Genetic adaptation to captivity in species conservation programs

@article{Frankham2008GeneticAT,
  title={Genetic adaptation to captivity in species conservation programs},
  author={R. Frankham},
  journal={Molecular Ecology},
  year={2008},
  volume={17}
}
  • R. Frankham
  • Published 2008
  • Biology, Medicine
  • Molecular Ecology
As wild environments are often inhospitable, many species have to be captive‐bred to save them from extinction. In captivity, species adapt genetically to the captive environment and these genetic adaptations are overwhelmingly deleterious when populations are returned to wild environments. I review empirical evidence on (i) the genetic basis of adaptive changes in captivity, (ii) factors affecting the extent of genetic adaptation to captivity, and (iii) means for minimizing its deleterious… Expand
The efficiency of close inbreeding to reduce genetic adaptation to captivity
TLDR
This work used quantitative genetic individual-based simulations to model the effect of genetic management on the evolution of a quantitative trait and the associated fitness of wild-born individuals that are brought to captivity and found that half-sib mating is more effective in reducing genetic adaptation to captivity than the gc/mc method. Expand
Minimizing genetic adaptation in captive breeding programs: A review
TLDR
It is concluded that the best approach to minimize genetic adaptation is to reduce the number of generations that a species spends in captivity, first by delaying reproduction and then by cryopreservation of germplasm. Expand
Inbreeding and selection shape genomic diversity in captive populations: Implications for the conservation of endangered species
TLDR
To better understand the evolutionary response of species bred in captivity, SNPs in populations of white-footed mice were used to measure the impact of breeding regimes on genomic diversity and genomic diversity was significantly related to fitness. Expand
Widespread selective sweeps affecting microsatellites in Drosophila populations adapting to captivity: Implications for captive breeding programs
TLDR
Comparing changes in microsatellite genetic diversity at eight non-coding loci with neutral predictions in 23 pedigreed captive populations of Drosophila melanogaster showed signals of selectively-driven changes. Expand
Captive breeding genetics and reintroduction success
TLDR
Results indicate that the duration of the reintroduction project (i.e., time from the foundation of the captive population to the last release event) is the most important determinant of reintroduction success. Expand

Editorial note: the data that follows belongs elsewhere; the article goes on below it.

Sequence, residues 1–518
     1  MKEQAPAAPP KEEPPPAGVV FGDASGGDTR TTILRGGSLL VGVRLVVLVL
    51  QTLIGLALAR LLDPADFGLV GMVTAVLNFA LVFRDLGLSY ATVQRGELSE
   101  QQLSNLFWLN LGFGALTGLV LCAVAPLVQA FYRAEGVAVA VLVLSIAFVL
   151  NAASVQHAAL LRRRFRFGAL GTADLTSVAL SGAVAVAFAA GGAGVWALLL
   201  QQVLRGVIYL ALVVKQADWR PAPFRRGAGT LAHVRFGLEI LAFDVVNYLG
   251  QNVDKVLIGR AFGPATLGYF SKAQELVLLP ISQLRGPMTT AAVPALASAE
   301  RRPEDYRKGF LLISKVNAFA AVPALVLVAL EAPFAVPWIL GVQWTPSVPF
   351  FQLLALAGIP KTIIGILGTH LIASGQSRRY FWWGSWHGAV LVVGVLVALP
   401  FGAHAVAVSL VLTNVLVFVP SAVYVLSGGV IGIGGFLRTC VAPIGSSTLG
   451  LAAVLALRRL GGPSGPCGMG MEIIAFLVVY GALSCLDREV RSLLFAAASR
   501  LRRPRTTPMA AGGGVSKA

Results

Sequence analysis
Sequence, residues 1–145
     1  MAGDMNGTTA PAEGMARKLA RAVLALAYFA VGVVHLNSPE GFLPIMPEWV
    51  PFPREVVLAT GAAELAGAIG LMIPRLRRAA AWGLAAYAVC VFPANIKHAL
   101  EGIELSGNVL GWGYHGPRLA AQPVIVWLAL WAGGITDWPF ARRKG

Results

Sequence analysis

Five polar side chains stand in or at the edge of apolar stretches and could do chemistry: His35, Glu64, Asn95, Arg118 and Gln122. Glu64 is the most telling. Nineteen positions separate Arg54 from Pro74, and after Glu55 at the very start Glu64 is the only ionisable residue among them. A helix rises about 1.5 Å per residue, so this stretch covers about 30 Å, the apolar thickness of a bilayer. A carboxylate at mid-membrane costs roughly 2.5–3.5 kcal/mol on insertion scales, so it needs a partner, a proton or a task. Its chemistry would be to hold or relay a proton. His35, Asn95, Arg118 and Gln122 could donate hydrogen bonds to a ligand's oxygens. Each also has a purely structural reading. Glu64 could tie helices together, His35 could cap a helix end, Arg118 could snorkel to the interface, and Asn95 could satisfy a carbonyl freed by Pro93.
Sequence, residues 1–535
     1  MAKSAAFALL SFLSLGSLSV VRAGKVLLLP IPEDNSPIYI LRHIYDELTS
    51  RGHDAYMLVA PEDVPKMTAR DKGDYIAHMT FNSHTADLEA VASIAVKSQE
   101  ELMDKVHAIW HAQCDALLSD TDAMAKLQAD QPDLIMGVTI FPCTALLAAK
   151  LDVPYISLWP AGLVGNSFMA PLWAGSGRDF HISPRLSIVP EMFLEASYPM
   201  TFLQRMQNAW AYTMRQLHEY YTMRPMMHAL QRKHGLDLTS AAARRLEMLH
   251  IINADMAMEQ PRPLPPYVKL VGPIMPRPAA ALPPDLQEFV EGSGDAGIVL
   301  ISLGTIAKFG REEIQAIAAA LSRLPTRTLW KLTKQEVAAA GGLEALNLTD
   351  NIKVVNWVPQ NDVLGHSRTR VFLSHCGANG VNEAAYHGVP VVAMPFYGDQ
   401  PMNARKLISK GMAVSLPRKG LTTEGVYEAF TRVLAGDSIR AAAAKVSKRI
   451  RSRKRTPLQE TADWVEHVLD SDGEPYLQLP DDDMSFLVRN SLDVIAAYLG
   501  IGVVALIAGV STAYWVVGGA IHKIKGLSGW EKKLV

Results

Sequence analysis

Genetic adaptation to captivity can occur in a single generation
TLDR
It is demonstrated that a single generation in captivity can result in a substantial response to selection on traits that are beneficial in captivity but severely maladaptive in the wild. Expand
Population correlates of rapid captive‐induced maladaptation in a wild fish
TLDR
Trait values and lifetime success were highly variable across populations following one generation of captivity, suggesting that captivity generates maladaptation within one generation. Expand
Genetic impacts of conservation management actions in a critically endangered parrot species
TLDR
The study suggests that translocation of wild individuals into captivity, from wild populations in decline, can potentially have deleterious lasting impacts on genetic diversity levels in these populations, but also confirms that in captivity, founder diversity can be successfully preserved over time, and addition of wild founders can improve captive population health. Expand
Evolution of Peromyscus leucopus Mice in Response to a Captive Environment
TLDR
It is found that adaptation to captivity can be rapid, affecting reproductive patterns and behaviors, even under breeding protocols designed to minimize the rate of genetic change due to random drift and inadvertent selection. Expand
A Conservation Hatchery Population of Delta Smelt Shows Evidence of Genetic Adaptation to Captivity After 9 Generations
TLDR
It is suggested changes in fish rearing practices at the FCCL to reduce genetic adaptation to captivity, as delta smelt numbers in the wild continue to decline and the use of FCCL fish for reintroduction becomes more likely. Expand
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A framework for predicting the impact of factors on the rate of genetic adaptation to captivity is suggested and introduction of genes from the wild, increasing the generation interval, using captive environments close to those in the wild and achieving low mortality rates are all expected to slow genetic adaptations to captivity. Expand
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TLDR
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TLDR
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TLDR
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TLDR
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